There's a story out that the capacity of a blank DVD could be boosted to 1.6 terabytes, which would make the "levy" sought by the CCPC back in 2002 of $2.27 seem fairly small on a capacity basis. However, that proposed levy on blank DVDs was shot down (yes - I was involved) and has not been resuscitated because the CPCC apparently (though I'm sure reluctantly) recognized that these products are not "ordinarily used" to copy music. That said, the $2.27 proposed levy then sought on blank DVDs is now about 10 times the retail price, if you buy them in any quantity and get a good deal. They are now cheaper by far in many cases than blank CDs (which have only about 15% of their capacity at best), because the latter have a $0.29 "levy" (commonly referred to as a "tax"), which is what is keeping the CPCC in business and supporting its overall more than 10% expense/revenue structure. The CPCC has still not published its 2008 financial figures, though we are well into 2009.
Speaking of 2002 proposals, the CPCC then proposed a levy "of $21 per gigabyte of of memory in each non-removable hard drive incorporated into each MP3 player or into each similar device with an internal hard drive that is intended for use primarily to record and play music." In other words, the current 120 gig iPod "Classic" that sells for under $300 would have had a levy of $2,520 if the CPCC had succeeded. Yes - we stopped that too, though the CPCC and Copyright Board had to be told twice by the Federal Court of Appeal that it wasn't on.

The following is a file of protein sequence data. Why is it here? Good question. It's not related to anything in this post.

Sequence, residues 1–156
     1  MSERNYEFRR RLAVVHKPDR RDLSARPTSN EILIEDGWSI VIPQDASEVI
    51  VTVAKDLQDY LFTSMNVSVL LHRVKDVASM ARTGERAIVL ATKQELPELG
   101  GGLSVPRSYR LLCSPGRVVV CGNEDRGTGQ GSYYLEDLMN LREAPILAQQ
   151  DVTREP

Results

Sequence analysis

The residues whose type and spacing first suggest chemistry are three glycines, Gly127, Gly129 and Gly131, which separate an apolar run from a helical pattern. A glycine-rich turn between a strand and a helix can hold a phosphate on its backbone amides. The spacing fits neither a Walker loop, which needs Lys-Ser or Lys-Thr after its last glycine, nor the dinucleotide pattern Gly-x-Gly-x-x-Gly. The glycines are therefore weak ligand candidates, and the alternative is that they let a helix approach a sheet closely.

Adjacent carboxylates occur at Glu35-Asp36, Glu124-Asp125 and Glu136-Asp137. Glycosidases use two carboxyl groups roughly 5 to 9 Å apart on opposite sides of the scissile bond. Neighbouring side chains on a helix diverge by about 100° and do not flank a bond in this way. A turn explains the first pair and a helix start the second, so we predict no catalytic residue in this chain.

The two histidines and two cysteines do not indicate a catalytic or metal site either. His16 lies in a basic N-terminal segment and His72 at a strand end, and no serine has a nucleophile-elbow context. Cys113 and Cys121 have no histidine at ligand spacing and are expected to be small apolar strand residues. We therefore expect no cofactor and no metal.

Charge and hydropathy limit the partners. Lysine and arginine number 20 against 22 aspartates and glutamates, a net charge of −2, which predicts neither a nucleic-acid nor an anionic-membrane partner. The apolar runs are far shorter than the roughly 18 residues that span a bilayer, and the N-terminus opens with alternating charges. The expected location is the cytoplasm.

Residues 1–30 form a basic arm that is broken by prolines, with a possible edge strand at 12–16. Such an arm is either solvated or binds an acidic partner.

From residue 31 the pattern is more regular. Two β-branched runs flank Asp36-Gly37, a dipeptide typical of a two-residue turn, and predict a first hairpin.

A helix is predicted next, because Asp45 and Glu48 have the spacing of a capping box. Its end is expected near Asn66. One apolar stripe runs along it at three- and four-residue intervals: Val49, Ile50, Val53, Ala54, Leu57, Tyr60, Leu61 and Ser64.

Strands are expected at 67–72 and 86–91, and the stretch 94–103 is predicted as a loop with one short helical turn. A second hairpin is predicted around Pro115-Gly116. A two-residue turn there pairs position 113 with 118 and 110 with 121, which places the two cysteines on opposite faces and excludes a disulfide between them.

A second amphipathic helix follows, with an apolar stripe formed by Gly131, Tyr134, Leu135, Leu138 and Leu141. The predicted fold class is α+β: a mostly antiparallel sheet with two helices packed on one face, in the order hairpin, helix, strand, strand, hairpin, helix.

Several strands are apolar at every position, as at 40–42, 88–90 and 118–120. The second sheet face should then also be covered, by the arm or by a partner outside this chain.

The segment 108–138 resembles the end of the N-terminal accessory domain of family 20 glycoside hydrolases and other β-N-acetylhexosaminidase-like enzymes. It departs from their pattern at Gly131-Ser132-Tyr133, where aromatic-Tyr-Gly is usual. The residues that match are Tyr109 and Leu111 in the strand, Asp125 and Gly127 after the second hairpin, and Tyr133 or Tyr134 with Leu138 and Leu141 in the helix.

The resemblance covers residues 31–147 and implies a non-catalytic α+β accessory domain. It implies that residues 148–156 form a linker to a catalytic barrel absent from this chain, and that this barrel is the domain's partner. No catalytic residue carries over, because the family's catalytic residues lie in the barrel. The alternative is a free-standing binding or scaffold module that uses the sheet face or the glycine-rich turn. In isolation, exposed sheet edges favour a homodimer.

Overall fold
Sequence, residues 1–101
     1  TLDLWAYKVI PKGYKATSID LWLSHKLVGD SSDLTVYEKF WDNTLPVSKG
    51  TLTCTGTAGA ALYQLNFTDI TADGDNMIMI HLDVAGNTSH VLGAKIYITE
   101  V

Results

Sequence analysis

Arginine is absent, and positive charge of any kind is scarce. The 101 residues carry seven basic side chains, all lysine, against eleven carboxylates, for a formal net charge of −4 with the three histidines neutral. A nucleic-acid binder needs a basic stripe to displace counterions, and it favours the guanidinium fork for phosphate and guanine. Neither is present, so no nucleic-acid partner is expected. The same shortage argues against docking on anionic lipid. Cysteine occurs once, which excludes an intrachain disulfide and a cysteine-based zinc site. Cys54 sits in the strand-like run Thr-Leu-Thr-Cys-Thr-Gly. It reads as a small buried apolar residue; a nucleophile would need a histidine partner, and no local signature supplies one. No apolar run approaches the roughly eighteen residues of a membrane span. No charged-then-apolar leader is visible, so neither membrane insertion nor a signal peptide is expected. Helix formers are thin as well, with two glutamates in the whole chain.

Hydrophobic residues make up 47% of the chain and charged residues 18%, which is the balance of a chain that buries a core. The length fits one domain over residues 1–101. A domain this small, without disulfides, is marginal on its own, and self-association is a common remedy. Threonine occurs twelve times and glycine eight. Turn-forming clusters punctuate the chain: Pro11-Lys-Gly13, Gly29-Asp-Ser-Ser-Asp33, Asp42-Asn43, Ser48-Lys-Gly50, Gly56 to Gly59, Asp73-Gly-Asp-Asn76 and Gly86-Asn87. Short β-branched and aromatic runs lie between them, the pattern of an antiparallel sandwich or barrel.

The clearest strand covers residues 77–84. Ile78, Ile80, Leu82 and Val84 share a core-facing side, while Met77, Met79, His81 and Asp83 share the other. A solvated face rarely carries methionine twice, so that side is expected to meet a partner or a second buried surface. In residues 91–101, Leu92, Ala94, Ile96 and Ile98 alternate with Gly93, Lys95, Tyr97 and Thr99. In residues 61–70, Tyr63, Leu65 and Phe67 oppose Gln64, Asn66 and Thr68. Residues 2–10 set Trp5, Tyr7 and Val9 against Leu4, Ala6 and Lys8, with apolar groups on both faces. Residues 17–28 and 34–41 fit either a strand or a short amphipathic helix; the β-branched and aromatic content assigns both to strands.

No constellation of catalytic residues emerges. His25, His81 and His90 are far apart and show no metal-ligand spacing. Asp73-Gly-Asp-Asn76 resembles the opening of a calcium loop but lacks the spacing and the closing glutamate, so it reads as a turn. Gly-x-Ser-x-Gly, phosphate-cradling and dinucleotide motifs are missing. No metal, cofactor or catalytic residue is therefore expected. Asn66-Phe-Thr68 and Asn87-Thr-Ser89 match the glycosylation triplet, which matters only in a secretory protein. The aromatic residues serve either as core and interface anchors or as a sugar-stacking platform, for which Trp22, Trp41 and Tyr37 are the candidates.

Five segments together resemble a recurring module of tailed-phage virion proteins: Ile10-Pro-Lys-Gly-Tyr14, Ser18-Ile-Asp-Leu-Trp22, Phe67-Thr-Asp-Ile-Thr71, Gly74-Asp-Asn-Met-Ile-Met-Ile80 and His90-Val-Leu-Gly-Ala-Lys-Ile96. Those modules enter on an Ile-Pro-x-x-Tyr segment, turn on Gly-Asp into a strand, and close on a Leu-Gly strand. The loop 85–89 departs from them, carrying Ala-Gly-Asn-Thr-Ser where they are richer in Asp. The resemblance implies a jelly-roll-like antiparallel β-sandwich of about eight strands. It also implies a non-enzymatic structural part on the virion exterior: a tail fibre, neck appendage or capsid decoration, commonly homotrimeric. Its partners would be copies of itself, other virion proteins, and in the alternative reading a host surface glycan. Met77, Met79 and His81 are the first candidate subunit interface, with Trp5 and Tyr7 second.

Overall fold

All of this shows that today's quickie proposed legislative solutions and oft inflated tariff proposals to deal with supposedly serious crises arising from copyright and new technology are potentially tomorrows' absurdities or even nightmares.